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J Neurotrauma. 1996 Mar;13(3):139-47.

Treatment of experimental brain injury with moderate hypothermia and 21-aminosteroids.

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1
Department of Neurological Surgery, University of Pittsburgh, Pennsylvania 15213, USA.

Abstract

Studies of experimental traumatic brain injury have found that histologic injury is significantly reduced and behavioral outcome improved in animals treated with moderate hypothermia (32-33 degrees C) or a 21-aminosteroid. Because these treatments are thought to work through different neurochemical mechanisms, their combined use might be expected to be more efficacious than either treatment alone. To test this hypothesis, we studied each treatment separately and in combination in a rodent model of controlled cortical contusion. Treatment with moderate hypothermia (32 degrees C for 4 h), a 21-aminosteroid (U-74389G, Upjohn, 10 mg/kg intravenously, repeated 3 h after the first dose), or both, was initiated 10, 25, or 40 min after injury. The brains were perfused 24 h after injury, and sagittal sections were stained for the 68-kDa "core" neurofilament subunit, a marker of axonal injury. The total number of positively stained axons in the ipsilateral internal capsule were counted under light microscopy. Compared with the control group (injury but no treatment), treatment with each therapy alone or combined, initiated 10 min after injury, caused significant reductions in the number of stained axons (21-aminosteroid alone-35% reduction; hypothermia alone-55% reduction; combination-48% reduction). The number of positively stained axons was significantly reduced in the aminosteroid and combination therapy groups at all three postinjury times (p = 0.01) and in the hypothermia groups treated at 10 or 25 min (p = 0.01) but not at 40 min after injury. We concluded that combination therapy with hypothermia and 21-aminosteroids was no more efficacious than either therapy alone, and that 21-aminosteroid therapy was more efficacious than hypothermia when treatment was initiated 40 min after injury.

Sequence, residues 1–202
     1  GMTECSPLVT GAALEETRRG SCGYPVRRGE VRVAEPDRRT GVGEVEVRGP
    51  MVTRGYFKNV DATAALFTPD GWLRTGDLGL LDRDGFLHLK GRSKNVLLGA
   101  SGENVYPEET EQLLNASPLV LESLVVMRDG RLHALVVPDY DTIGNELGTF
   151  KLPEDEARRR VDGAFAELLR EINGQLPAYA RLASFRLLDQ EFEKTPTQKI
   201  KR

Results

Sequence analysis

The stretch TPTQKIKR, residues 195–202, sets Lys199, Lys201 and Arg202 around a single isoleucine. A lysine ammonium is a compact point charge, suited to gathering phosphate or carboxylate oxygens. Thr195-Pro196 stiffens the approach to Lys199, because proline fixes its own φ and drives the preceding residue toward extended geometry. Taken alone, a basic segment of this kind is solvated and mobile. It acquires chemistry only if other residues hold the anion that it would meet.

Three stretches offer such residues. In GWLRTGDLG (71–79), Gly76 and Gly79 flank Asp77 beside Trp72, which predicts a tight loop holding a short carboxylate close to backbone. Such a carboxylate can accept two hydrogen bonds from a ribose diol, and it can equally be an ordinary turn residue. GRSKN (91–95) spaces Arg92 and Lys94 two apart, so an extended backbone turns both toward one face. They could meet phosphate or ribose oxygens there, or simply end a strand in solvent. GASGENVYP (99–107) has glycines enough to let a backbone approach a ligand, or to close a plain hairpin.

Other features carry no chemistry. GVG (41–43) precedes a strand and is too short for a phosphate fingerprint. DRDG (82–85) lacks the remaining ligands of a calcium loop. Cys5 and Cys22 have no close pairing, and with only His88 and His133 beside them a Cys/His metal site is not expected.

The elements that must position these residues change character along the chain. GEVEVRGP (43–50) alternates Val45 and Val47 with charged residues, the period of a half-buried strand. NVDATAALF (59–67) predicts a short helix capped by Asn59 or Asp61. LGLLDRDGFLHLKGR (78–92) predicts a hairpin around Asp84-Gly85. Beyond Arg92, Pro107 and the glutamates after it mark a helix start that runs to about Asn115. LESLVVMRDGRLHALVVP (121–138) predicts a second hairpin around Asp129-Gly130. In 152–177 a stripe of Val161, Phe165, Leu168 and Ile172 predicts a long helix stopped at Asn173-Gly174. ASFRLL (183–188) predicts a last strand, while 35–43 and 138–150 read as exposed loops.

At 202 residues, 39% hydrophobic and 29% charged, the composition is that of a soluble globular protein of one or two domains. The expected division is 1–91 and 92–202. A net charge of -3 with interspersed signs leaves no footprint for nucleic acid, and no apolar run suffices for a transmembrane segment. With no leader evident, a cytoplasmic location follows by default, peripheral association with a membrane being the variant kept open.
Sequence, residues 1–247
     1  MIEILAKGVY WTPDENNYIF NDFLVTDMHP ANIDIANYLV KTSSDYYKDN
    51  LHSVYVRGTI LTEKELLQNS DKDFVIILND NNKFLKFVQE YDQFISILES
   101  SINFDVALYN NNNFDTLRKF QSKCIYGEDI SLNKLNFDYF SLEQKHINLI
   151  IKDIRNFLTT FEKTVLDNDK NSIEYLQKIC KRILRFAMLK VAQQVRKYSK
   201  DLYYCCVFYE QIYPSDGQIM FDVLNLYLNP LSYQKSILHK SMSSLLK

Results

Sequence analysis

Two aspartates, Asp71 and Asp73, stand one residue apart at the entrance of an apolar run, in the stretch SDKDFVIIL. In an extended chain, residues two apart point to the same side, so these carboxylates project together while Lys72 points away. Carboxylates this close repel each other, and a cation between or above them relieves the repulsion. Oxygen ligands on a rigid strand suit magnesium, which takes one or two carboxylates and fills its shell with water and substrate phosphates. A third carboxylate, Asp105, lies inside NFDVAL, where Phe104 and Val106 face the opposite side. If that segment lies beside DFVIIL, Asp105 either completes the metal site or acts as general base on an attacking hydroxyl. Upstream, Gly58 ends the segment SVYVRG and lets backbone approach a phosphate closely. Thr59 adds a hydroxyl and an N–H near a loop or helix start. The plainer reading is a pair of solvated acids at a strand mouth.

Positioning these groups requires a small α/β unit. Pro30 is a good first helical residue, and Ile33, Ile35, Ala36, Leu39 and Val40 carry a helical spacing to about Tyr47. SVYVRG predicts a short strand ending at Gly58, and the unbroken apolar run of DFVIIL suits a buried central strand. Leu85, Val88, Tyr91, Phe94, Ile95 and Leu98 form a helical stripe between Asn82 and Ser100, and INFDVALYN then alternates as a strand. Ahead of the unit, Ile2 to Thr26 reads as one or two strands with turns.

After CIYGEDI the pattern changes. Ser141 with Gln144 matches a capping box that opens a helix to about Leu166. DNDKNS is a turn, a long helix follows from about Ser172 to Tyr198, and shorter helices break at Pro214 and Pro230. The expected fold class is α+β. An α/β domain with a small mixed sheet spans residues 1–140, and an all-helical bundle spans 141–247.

PMID:
8965323
DOI:
10.1089/neu.1996.13.139
[Indexed for MEDLINE]

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